Contract workers from scaffolding and painting specialists Taziker Industrial working below the bridge deck are having to dodge sudden toilet flush bursts onto the tracks.
Project manager Peter Cook said: “We haven’t had a direct hit but there have been several near misses.
“Usually this would not be a problem, but the older trains are running on a wooden bridge deck, which doesn’t protect from toilet waste.”
First Great Western confirmed that some of its older rolling stock still dumped toilet waste on the tracks and it had asked passengers to refrain from using the toilets as they passed over the historic bridge.
One passenger told the Enquirer: “The guard made a special announcement on the train’s tannoy as we came up to the Tamar River valley.
“I thought he was going to tell us we were about to pass over the iconic bridge, but instead he asked passengers to avoid using the toilets.”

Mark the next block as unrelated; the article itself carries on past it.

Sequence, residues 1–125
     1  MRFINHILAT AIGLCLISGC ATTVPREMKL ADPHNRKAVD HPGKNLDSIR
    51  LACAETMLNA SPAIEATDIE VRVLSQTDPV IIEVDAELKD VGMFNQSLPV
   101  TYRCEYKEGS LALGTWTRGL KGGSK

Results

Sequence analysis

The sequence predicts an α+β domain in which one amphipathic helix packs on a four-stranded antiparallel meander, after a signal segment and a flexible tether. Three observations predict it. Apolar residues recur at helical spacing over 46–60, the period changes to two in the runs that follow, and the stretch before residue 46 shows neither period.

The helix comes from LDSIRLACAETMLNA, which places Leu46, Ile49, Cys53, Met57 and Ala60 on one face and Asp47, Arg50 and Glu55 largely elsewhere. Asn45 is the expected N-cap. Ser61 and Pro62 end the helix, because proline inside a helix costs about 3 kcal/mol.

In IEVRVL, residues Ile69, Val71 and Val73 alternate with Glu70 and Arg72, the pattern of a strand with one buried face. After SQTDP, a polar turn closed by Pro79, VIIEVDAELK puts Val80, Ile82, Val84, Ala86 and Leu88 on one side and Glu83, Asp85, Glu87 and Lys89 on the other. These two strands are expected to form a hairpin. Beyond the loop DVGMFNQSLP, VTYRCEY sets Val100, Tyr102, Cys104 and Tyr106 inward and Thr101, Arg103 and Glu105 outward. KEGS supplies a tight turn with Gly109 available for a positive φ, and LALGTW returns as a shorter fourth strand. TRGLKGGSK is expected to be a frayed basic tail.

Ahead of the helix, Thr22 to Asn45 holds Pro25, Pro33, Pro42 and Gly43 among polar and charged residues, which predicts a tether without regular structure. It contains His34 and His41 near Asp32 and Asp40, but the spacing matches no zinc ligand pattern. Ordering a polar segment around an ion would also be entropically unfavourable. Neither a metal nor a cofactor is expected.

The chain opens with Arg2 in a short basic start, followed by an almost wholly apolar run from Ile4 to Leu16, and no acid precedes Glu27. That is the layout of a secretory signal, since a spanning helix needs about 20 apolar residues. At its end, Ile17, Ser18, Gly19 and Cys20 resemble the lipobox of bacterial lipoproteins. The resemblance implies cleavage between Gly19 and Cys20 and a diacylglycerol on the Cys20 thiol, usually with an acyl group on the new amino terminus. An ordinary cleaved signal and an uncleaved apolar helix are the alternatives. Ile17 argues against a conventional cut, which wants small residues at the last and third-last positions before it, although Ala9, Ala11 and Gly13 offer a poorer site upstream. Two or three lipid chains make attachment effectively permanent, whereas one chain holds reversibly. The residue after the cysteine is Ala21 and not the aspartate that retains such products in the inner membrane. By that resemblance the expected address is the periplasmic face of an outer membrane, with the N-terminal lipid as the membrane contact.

“I suppose it’s a polite way of saying please mind the crap.”
TI won the £10m job to restore the 1859 steel bridge between Devon and Cornwall last June.
In all, over 100t of new steelwork will be added, 205 original Brunel cross girders will be repaired, 40 diagonal bracings will be strengthened, and 1,800 individual steelwork repairs will be completed.
Up to 50,000 bolts have been purpose-designed to look like the existing rivets.
TI workers will also apply 35,000l of paint in four coats: a zinc primer, a strike coat all around the rivets and edges to build up the minimum thickness, a glass flake epoxy intermediate layer, and finally a Goose Grey polyurethane finish coat to match the original colour of the bridge.
The system is similar to that used on the Forth Bridge, but with a bit more elasticity because this bridge has more movement.